The particular way each vine climbs determines what sort of support you'll need to provide.
As these vines grow, their stems twist and spiral. They coil too tightly to grasp large supports such as posts, so give them something slender, such as cord or wire.
To cover a wood fence with chocolate vine (Akebia quinata), for example, string wire up and down the fence through eyescrews attached at 6- to 8-inch intervals. Twining vines with moderate growth habits are also good choices for growing on fan-shaped or rectangular trellises with narrow vertical members.
If you want a twining vine to spill over the top of an arbor, you can sink a narrow pole into the ground beside the structure and train the vine around the pole; when it reaches the top, it will twine along horizontally, with streamers of stems and leaves trailing downward.
Besides Carolina jessamine, twiners include include Dutchman's pipe (Aristolochia macrophylla), honeysuckle (Lonicera), and wisteria.
Vines with tendrils or coiling leafstalks
Tendrils are specialized plant parts growing from the end of a leaf or the side of a stem. They grow straight until they contact something they can grasp--wire or cord, another stem on the same vine, another plant--then reflexively contract into a spiral and wrap around the support. Vines that climb by tendrils include grape and sweet pea (Lathyrus odoratus).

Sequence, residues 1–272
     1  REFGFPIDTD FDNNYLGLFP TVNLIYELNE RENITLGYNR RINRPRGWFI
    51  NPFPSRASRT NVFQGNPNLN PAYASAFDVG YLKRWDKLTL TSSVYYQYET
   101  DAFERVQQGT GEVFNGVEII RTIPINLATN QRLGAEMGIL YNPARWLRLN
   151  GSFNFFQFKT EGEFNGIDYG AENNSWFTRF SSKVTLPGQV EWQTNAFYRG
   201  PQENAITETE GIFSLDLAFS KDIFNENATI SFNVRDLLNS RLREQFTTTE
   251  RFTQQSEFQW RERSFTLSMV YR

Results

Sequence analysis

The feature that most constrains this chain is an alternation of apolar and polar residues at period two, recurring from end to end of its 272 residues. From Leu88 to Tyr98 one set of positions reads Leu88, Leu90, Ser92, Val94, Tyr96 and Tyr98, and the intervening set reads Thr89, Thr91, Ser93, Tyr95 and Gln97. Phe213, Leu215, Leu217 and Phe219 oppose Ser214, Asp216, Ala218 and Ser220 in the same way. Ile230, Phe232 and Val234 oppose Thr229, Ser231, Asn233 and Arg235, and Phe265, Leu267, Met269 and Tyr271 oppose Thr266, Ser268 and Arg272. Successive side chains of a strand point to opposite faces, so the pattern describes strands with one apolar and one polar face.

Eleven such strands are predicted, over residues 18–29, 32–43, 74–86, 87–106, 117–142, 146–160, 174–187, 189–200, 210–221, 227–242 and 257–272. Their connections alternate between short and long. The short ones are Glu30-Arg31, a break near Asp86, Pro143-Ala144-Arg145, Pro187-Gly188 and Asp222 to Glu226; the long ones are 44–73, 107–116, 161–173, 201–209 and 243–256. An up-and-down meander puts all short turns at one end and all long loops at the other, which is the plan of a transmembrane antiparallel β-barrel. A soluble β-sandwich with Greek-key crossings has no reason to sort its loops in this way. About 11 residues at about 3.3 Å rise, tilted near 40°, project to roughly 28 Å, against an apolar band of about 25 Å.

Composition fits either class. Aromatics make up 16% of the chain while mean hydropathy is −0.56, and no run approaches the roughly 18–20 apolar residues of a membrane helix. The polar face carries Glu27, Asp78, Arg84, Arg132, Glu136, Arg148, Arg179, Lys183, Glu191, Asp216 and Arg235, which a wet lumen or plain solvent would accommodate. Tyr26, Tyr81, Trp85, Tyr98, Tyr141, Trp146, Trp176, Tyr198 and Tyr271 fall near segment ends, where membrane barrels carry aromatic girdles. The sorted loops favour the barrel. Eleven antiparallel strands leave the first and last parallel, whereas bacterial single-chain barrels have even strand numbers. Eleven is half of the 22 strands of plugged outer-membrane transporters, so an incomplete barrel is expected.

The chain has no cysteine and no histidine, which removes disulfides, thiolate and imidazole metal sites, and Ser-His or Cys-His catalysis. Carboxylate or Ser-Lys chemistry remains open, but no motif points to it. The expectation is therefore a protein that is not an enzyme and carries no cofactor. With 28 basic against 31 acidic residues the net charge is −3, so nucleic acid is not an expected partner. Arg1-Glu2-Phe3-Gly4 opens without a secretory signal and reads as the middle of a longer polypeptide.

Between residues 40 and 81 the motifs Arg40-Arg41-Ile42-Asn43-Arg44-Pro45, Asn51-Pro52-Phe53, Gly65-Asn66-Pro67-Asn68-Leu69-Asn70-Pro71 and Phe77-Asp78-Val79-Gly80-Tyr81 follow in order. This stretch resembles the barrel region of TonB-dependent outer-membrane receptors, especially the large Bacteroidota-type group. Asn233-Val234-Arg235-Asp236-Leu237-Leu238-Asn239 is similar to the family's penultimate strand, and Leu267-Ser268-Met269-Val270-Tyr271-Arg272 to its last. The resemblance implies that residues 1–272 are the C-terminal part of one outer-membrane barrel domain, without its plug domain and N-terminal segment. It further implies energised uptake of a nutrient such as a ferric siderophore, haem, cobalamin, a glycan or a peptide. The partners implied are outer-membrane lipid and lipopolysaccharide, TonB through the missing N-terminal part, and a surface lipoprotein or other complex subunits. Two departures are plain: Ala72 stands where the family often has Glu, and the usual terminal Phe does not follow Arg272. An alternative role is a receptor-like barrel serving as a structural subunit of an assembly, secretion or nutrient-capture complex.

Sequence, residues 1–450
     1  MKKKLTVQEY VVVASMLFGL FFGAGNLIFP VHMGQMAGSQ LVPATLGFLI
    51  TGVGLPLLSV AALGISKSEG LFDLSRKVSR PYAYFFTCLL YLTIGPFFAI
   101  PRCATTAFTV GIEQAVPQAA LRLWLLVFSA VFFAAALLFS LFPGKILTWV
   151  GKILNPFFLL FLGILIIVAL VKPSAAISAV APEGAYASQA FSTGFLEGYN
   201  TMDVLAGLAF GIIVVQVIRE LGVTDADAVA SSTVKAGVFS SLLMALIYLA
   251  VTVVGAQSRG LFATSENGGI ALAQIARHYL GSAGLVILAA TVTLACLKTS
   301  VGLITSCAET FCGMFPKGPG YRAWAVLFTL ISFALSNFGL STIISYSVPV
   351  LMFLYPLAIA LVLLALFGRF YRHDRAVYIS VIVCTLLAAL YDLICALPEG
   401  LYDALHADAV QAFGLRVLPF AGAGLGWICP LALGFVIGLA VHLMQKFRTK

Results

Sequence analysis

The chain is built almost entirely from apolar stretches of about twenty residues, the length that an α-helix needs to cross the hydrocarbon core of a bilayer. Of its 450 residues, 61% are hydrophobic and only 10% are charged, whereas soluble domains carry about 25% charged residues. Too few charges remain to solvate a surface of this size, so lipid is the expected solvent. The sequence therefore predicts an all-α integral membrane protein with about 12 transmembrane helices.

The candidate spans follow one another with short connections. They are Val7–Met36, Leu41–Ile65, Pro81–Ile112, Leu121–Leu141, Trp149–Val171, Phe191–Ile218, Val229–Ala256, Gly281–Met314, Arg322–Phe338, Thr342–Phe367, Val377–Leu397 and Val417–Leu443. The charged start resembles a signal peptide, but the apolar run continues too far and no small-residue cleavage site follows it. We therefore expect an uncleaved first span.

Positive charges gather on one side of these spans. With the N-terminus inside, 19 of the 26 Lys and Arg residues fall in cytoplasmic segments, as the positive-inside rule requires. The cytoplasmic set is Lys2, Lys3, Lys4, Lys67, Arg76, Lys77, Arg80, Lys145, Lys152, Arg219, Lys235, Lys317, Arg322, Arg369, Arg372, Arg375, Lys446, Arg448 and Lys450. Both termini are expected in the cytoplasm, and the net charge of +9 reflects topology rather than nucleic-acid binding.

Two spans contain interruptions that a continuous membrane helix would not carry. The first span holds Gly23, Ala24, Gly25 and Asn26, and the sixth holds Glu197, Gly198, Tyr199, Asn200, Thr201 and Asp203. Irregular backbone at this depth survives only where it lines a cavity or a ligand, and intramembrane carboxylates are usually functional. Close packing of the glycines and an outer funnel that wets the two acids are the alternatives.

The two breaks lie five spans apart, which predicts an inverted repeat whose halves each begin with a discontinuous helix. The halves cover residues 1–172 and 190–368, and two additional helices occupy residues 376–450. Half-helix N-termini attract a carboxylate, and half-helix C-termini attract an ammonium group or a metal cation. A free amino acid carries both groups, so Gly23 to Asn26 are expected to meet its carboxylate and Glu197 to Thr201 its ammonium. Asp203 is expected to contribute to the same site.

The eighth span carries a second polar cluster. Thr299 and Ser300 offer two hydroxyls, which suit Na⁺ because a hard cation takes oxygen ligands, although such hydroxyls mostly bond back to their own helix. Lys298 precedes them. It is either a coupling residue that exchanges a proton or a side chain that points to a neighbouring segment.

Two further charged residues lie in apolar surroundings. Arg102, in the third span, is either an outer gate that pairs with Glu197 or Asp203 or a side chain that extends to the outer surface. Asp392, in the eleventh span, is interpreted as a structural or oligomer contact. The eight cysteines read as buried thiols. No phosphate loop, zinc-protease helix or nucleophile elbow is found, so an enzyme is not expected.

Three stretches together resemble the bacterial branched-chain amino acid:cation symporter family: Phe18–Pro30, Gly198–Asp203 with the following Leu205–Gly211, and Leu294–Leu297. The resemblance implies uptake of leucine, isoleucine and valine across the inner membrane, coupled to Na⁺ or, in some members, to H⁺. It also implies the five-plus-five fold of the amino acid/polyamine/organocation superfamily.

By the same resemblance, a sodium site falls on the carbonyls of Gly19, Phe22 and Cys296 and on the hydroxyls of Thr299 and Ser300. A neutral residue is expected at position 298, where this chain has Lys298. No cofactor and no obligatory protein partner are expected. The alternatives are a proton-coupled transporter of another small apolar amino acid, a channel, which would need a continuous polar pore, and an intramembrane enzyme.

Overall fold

Some plants (clematis is the best-known example) ascend by coiling leafstalks: as a stem grows and puts out foliage, the leafstalks of young leaves encircle anything slender they encounter, behaving more or less like tendrils.
Like twiners, vines that attach by tendrils or coiling leafstalks need slender supports; if the support is too thick, the vine will merely attach to its own stems, growing into a tangled mess. These vines are excellent choices for latticework supports such as chain-link fences and lath trellises.
If there's any kind of vine that gives the whole group a bad name, it's the clinging sort, which adhere tenaciously to almost any flat surface. Specialized structures let them grip their supports. Some, such as trumpet vine (Campsis) and ivy (Hedera), have stems equipped with aerial rootlets; others, like Boston ivy (Parthenocissus tricuspidata), have tendrils that terminate in suction (holdfast) discs.
Clinging vines are a good choice when you need to cover a wide wall. If you grow them on a fence or pergola, the stems will first attach to the surface; subsequent growth will pile up on itself, often resulting in the look of a twining vine.
Some vines have no means of attachment; they climb only in the sense that their stems will proceed on a vertical path if secured to a support as they grow. Left to themselves, they'll simply mound, sprawl, and scramble, though a few, such as climbing roses and most bougainvilleas, can hook themselves through adjacent shrubs or trees with their thorns. These vines will grow on almost any support as long as you provide appropriate attachment. Many gardeners cover flat surfaces with eyescrews and wire, then tie the plant in place at various points as it grows.